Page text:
With up to $1.8 million in funding from the U.S. Department of Energy (DOE), scientists affiliated with the Great Lakes Bioenergy Research Center (GLBRC) will conduct research with the potential to turn woody biomass into an economical source of renewable chemicals. Part of the DOE’s “Bioproducts to Enable Biofuels” initiative, the project aims to improve the bottom line of biorefineries nationwide by enabling them to create high-value bioproducts alongside biofuels.
The collaboration will bring together Eric Hegg, Michigan State University professor of biochemistry and molecular biology; David Hodge, Montana State University associate professor of chemical and biological engineering; Shannon Stahl, University of Wisconsin–Madison professor of chemistry; and Bryan Bals, MBI process development engineer. (All four investigators conduct or have conducted research for GLBRC).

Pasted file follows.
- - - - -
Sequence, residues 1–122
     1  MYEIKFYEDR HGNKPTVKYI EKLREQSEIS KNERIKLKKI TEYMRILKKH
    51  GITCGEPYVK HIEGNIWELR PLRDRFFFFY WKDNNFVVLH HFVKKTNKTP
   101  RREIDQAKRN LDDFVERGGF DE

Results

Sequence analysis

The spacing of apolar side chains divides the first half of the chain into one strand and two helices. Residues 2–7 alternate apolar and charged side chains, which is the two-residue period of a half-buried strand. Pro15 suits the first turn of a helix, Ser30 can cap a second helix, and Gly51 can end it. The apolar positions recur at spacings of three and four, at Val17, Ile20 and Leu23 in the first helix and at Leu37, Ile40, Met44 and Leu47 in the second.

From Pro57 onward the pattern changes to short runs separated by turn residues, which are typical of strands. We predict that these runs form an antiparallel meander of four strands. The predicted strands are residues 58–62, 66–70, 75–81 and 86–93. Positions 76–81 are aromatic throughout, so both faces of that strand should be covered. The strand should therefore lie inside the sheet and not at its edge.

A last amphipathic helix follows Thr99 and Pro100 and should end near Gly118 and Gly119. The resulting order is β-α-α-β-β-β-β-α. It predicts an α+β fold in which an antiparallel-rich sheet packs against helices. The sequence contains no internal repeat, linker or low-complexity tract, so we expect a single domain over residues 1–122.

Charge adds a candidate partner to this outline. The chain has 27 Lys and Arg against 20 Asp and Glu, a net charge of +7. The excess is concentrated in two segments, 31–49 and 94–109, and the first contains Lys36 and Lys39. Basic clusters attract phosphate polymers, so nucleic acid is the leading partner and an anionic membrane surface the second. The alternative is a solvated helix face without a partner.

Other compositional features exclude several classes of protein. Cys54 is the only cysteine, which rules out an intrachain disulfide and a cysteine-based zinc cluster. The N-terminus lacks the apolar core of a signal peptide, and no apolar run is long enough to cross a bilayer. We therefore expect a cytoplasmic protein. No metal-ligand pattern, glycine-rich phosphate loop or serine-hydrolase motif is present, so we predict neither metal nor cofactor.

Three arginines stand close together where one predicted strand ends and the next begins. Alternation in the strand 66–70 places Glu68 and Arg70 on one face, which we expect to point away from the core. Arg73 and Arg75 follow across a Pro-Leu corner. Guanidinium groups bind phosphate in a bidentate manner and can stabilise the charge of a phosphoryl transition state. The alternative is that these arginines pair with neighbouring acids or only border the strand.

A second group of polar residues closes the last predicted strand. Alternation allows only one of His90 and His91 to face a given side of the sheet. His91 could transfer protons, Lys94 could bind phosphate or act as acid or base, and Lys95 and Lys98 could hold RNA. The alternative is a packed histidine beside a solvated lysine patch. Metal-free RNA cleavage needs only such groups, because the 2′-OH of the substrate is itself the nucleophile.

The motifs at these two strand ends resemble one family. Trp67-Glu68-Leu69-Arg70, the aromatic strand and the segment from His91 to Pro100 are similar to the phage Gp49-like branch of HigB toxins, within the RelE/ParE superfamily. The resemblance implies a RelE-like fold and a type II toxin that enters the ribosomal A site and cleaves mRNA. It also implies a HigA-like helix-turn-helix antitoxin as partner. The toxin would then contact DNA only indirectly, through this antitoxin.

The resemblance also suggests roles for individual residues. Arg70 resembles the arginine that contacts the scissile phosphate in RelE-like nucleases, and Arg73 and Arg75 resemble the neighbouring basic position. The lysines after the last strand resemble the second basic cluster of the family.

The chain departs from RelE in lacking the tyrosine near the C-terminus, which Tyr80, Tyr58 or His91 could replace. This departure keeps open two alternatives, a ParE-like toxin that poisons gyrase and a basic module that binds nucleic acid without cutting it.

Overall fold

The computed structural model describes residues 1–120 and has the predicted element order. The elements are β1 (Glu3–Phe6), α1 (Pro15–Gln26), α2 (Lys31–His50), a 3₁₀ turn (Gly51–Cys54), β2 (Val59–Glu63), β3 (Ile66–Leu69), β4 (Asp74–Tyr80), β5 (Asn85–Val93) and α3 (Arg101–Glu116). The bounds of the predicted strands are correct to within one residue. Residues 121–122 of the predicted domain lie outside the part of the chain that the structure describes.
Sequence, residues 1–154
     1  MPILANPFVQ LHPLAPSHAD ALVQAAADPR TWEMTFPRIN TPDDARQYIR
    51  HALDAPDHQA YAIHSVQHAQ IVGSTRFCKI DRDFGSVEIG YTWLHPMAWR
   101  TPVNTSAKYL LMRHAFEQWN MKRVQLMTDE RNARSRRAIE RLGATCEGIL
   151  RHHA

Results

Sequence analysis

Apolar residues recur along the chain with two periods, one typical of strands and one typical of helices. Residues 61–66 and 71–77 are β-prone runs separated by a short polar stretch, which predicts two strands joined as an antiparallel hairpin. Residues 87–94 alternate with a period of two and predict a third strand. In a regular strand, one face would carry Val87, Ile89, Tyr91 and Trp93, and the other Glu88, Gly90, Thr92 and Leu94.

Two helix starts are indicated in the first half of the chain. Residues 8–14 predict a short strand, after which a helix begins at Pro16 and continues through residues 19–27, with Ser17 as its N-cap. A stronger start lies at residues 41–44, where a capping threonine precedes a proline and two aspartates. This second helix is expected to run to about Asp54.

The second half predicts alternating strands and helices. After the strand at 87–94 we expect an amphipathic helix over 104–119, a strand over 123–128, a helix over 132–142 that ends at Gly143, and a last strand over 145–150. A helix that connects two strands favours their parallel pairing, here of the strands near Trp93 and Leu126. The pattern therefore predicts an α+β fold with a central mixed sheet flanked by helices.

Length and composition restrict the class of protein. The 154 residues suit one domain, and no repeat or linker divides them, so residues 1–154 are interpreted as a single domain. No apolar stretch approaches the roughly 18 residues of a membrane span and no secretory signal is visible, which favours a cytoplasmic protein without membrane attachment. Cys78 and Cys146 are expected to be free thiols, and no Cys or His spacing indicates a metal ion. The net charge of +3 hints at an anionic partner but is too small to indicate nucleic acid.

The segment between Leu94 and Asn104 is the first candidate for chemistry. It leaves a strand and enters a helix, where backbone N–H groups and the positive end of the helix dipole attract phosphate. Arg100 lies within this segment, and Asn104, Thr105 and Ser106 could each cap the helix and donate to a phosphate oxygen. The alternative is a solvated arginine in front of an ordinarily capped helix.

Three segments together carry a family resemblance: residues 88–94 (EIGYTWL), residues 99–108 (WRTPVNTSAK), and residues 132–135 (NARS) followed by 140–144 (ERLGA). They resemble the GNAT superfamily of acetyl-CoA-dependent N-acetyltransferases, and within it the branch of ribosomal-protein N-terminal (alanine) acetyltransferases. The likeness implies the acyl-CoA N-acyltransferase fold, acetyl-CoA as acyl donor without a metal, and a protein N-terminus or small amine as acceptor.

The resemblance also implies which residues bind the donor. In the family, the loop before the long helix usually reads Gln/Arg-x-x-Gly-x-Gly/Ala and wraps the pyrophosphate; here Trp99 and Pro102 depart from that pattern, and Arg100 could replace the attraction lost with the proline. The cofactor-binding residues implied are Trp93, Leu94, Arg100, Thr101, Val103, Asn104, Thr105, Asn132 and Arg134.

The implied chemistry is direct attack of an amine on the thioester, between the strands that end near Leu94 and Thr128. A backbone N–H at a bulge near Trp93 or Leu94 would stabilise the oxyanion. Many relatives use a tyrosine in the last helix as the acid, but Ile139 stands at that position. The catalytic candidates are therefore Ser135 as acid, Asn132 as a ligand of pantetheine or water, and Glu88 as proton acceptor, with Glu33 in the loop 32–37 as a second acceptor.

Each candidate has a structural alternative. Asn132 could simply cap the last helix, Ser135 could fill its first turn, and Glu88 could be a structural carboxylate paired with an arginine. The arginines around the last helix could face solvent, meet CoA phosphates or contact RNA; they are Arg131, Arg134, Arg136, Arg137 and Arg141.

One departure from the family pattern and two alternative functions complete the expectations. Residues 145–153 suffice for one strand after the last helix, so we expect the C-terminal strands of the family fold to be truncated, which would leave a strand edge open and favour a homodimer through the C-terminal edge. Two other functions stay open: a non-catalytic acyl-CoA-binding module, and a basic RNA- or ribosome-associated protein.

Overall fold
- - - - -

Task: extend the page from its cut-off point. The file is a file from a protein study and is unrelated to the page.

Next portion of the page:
For the project, the researchers will focus on two major challenges to producing low-cost biofuels – the high cost of extracting sugars, and the low value of lignin, the portion of biomass that’s so difficult to degrade it’s often treated as a waste product.
To overcome those challenges, Hegg and collaborators will optimize an integrated, two-stage process for generating a sugar stream and a lignin stream from hardwoods, their goal to understand how pretreatment affects what can be made from the lignin as well as how the entire process can drive down fuel price.
“We want to reach the equivalent target of $3 per gasoline gallon by generating a low-cost sugar stream,” says Hegg. “But we also want to generate a clean lignin stream that can be used to make a number of high-value chemicals currently generated from fossil fuels.”
Though mostly famous for its recalcitrance, lignin has the potential to be a renewable source of a number of valuable aromatic chemicals with a variety of industrial applications, and could one day form the chemical building blocks of fragrances, flavors, foams, and adhesives.
According to Hegg, deriving value from lignin will be key to making renewable biomass an economically viable feedstock, and to enabling a bio-based economy. “We really do need the lignin to work for us,” he says. “It’s a challenge and it’s an opportunity.”